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Equality North East

Employment laws affected by the UK’s exit from the European Union

As the dust settles on the outcome of the EU referendum decision, employers must now plan for the consequences. The question is, what is likely to change – and when?

The UK government has to issue a ‘withdrawal notice’ in accordance with Article 50 of the Treaty on the Functioning of the European Union to start the process and we now know this will not happen immediately. The withdrawal comes into effect either two years on from that notice or when the terms of withdrawal have been agreed, whichever happens earlier. Once the EU has agreed the terms, the UK’s withdrawal will need to be ratified by parliament.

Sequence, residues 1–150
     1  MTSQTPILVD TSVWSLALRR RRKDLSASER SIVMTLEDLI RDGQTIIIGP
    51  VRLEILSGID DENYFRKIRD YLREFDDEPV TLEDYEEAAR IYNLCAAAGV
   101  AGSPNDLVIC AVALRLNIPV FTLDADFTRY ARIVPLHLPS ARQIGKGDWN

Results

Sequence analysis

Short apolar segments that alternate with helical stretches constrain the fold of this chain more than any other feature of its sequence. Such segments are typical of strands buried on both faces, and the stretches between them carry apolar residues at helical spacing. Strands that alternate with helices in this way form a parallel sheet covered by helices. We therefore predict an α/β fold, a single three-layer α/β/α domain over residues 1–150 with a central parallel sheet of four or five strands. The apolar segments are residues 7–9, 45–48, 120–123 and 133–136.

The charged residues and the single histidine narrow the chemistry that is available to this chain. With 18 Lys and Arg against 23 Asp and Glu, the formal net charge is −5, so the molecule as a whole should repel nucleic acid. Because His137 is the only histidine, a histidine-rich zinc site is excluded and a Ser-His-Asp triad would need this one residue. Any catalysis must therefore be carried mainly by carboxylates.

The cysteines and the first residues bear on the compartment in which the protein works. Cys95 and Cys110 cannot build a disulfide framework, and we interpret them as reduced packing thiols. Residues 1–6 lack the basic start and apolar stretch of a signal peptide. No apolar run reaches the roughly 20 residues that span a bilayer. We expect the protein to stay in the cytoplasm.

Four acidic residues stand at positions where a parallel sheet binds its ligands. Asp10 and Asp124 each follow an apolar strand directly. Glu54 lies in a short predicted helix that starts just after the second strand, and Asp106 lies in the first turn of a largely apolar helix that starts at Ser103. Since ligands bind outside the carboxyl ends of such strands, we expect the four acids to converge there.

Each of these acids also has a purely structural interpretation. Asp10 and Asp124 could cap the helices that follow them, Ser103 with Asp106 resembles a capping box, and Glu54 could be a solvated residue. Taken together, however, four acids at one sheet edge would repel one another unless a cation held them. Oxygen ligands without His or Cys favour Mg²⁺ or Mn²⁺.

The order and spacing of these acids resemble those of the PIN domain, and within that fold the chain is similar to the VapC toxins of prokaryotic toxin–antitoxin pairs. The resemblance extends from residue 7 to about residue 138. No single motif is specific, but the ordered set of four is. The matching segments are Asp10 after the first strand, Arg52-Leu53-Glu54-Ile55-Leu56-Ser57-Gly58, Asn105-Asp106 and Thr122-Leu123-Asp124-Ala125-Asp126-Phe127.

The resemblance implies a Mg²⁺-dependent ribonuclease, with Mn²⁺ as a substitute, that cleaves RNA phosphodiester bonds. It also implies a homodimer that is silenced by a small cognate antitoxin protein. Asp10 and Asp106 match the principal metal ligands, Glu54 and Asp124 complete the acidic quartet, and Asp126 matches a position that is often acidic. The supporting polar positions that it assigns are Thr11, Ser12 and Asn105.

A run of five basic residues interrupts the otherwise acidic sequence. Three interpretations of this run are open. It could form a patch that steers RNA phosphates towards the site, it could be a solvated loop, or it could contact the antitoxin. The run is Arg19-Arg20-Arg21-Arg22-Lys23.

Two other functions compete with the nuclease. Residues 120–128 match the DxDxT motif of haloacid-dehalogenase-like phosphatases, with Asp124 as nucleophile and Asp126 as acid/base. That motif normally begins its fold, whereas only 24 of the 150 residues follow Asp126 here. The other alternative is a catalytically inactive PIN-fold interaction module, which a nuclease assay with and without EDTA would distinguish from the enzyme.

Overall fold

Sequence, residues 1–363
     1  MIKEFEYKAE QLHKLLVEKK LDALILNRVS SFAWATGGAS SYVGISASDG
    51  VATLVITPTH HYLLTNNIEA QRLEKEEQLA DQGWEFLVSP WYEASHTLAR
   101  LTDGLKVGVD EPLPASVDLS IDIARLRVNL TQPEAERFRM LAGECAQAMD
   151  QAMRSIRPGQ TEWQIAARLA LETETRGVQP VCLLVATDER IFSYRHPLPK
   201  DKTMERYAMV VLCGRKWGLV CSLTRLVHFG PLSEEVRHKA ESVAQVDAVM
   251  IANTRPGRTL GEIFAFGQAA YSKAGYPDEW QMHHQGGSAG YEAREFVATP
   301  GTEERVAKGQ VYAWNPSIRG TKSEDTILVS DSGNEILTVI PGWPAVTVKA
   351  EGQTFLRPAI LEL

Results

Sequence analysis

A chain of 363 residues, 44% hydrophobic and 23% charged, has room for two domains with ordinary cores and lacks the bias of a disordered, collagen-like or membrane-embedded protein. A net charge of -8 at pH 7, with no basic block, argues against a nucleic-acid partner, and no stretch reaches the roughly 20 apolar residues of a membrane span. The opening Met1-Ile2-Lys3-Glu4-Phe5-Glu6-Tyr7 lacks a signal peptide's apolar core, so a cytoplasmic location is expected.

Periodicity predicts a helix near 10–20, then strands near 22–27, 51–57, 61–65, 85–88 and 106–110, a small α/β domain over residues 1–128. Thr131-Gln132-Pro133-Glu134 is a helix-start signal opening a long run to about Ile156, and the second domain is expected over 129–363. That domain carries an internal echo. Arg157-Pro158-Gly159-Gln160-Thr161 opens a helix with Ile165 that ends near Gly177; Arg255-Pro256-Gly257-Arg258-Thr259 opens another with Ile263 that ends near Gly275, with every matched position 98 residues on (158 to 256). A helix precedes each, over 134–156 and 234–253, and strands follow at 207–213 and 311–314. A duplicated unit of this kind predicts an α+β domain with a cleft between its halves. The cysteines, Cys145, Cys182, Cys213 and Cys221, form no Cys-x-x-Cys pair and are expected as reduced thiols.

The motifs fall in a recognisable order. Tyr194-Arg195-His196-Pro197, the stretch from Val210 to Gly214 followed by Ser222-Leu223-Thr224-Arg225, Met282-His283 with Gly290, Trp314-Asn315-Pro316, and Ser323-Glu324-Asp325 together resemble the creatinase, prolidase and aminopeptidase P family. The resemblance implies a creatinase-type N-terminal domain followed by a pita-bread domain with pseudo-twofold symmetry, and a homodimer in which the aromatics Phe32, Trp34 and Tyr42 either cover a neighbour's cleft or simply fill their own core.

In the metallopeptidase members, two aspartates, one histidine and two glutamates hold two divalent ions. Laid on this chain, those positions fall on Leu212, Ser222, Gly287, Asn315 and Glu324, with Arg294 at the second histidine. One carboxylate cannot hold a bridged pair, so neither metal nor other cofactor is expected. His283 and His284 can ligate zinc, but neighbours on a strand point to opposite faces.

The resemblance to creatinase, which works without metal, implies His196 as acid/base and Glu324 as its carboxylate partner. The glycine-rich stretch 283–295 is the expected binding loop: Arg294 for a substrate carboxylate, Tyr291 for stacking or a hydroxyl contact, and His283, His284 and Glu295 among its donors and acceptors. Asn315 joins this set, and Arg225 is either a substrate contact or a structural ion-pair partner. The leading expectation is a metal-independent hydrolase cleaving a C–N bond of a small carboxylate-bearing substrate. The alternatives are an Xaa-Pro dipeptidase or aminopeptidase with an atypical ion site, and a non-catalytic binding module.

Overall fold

Separation from the Court of Justice of the European Union (we will still be bound by decisions from the European Court of Human Rights) is likely to lead to case law changes as cases go through the appeal process. Holiday pay and accruing holiday on long-term sick leave may be prime examples where change could arise, but this will be incremental and parliament could introduce legislation to deal with the current issues before this happens.

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July 22, 2016

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